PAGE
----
Wednesday, May 31, 2006

Inter Arma Silent Leges

International law regarding prisoners of war has yet to catch up with the new realities of fighting Islamic terrorism: their combattants are not members of any state's armed forces, yet they are not simply common criminals.

Instead of recommending positive change to international conventions governing the treatment of these people, the anti-war crowd has preferred to shriek incessantly about the "illegality" and "brutality" of the detention of Taliban fighters in Guantanamo Bay.

And now they'll start shrieking that we're following the American example:

Canadian troops in Afghanistan have been told the Geneva Conventions and Canadian regulations regarding the rights of prisoners of war don't apply to Taliban and al-Qaeda fighters captured on the battlefield.

That decision strips detainees of key rights and protections under the rules of war, including the right to be released at the end of the conflict and not to be held criminally liable for lawful combat.

“The whole purpose of those regulations is to know if Geneva applies,” said Amir Attaran, a law professor at the University of Ottawa who has been pressing the Defence Department for details of its detainee policy for months.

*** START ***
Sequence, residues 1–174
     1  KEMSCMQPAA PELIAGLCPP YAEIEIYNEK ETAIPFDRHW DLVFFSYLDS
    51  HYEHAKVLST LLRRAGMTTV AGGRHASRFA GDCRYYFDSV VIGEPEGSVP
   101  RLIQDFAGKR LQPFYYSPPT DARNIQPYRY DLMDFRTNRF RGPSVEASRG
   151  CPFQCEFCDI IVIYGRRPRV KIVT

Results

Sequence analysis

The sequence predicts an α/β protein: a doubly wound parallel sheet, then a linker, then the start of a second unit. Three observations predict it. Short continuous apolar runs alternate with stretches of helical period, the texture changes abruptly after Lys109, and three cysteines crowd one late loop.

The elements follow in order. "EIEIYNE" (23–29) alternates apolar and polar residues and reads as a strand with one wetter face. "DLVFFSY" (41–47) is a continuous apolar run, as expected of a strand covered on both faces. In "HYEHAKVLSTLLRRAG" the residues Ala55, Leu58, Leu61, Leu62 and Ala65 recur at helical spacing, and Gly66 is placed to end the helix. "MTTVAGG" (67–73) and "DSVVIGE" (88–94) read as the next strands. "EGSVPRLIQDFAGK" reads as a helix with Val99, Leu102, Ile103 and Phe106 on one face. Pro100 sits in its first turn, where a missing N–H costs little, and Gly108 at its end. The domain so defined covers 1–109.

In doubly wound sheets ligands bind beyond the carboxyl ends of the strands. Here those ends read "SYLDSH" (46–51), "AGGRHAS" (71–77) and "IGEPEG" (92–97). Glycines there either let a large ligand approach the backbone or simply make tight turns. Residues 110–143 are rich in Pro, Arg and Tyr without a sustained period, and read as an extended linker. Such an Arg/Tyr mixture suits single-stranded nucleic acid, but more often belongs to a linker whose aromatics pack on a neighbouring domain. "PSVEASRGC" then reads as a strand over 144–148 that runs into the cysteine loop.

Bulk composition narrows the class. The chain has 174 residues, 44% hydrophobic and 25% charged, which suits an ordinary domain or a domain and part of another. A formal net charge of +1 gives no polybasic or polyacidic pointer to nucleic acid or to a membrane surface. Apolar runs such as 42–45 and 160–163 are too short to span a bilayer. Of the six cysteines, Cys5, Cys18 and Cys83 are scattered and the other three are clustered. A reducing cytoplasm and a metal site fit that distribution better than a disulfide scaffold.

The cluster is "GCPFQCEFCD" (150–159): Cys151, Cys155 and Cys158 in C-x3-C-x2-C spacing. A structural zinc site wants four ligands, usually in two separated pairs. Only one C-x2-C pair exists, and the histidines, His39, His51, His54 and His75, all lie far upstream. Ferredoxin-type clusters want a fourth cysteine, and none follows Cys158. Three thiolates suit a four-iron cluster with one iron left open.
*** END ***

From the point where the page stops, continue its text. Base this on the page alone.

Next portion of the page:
The 1991 Canadian regulations — developed during the Persian Gulf war — included provisions to hold tribunals to determine a detainee's status under Geneva if there is any doubt.

Captured fighters don't deserve these rights because this isn't a war between countries, says Lieutenant-General Michel Gauthier, who commands the Canadian Expeditionary Forces Command and thus oversees all Canadian Forces deployed abroad.

“They are not entitled to prisoner-of-war status but they are entitled to prisoner-of-war treatment,” he said, asserting that all detainees are humanely treated.

“The regulations apply in an armed conflict between states, and what's happening in Afghanistan is not an armed conflict between states. And therefore there is no basis for making a determination of individuals being prisoners of war,” he said.

A reasonable policy, and one that matches up with current practice established by the U.S.:treat the detainees as if they were POWs without calling them POWs.

It's the best that can be done until there's a formal review of the Geneva Conventions.

But it's so much easier to slag our armed forces instead of developing solutions to this vexing problem.

Source: Globe and Mail

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